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I always see things about how your hay must be good quality.

What is the quality of hay depend on? Is it the type? How it’s grown? How it’s stored? What makes a hay good quality?

Also, if you’re going to buy hay what can you look at and ask to see if it’s good quality?
 

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Good quality is a hay that is of a horse approved variety and has minimum weed content. Fresh is relative. Even older properly stored hay can be good quality. You don't want dusty or moldy hay. Typically it comes from improved pasture that is maintained and fertilized.
 

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For your area availability will be Bermuda ( Coastal) and Bahaia (Argentine or Pensacola) for grasses and perennial peanut for the legume unless you buy alfalfa that has been trucked in.
 

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Pardon the phone. It is having a tantrum.

You want it to smell fresh and be clean. No discernable moisture. Should be greenish if from this year. Some cuttings are better than others but that can be dependent on several factors.
 

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What makes good hay is the content (few weeks, appropriate horse hay), but also when it's cut (early or late summer will affect its maturity - you don't want overmature hay because it will be coarse and may have gone to seed), how and when it's baled (it needs to have time to dry, but not burn in the sun), and how it's stored (you don't want any dust or mold, obviously).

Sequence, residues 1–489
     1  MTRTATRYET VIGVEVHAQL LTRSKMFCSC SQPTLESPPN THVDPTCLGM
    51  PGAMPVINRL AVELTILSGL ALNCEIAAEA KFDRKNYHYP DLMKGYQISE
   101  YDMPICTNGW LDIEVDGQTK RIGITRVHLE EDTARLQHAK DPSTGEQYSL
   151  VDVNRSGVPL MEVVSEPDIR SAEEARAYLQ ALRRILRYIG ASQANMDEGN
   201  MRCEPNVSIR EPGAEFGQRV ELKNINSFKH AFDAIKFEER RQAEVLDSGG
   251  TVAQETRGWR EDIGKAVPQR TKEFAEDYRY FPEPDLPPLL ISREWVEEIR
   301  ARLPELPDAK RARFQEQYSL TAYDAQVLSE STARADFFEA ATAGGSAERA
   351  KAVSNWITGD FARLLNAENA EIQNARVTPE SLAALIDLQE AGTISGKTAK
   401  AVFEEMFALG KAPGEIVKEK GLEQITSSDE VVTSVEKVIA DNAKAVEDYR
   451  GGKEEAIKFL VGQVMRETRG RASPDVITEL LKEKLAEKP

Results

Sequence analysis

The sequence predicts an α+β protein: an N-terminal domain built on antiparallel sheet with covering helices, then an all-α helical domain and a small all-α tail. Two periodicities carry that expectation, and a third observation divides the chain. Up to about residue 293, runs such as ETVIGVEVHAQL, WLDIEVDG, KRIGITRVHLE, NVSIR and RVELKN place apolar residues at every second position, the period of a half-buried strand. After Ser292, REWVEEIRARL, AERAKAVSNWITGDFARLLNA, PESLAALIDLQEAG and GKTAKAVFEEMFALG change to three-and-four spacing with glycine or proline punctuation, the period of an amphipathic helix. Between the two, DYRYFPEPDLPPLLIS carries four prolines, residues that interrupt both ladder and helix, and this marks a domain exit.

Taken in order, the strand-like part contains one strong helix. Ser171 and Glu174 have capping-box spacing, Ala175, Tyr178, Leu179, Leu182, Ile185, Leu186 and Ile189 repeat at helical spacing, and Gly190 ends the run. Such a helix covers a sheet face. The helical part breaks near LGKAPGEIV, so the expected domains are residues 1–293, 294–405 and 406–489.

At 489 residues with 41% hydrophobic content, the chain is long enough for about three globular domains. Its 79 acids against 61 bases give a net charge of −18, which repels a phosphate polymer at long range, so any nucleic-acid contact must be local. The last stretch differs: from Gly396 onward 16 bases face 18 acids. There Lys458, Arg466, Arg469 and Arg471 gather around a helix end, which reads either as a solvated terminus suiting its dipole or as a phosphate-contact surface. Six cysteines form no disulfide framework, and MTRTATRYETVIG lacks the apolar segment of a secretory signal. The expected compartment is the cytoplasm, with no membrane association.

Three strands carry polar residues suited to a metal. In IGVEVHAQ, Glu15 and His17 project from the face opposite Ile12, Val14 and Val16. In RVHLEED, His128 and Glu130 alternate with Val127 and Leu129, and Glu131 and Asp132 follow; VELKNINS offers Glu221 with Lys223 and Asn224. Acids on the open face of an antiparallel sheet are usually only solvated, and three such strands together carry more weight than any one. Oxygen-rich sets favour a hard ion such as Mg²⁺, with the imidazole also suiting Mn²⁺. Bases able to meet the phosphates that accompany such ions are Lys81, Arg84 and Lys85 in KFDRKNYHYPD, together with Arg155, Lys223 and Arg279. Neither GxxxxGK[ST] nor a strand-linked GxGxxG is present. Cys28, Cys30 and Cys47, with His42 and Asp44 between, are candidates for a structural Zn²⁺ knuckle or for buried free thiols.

It should smell a bit sweet, but again, that depends on the type of hay. It shouldn't be brown, but it can sometimes be yellowish if it's been stored for some time. Ideally it still has a green tint. I prefer somewhere between a really fine grassy hay and a really coarse, straw-consistency hay.
 

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Winter rye would be the other available to you.

The only way to know protein and sugars is to test.
 

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Much of what was said is good information about what defines 'good quality' hay. However, where freshness can usually be discerned by color or scent, your senses can't tell you about the important contents of your hay or their proportions to one another. Starch/carbs/sugar, vitamins and minerals, and protein are all important to know. Some vitamins help certain minerals be absorbed in the horse's gut, and there are proportions of one mineral to the next that are appropriate for horses. ('x' amount of copper per 'x' amount of iron.)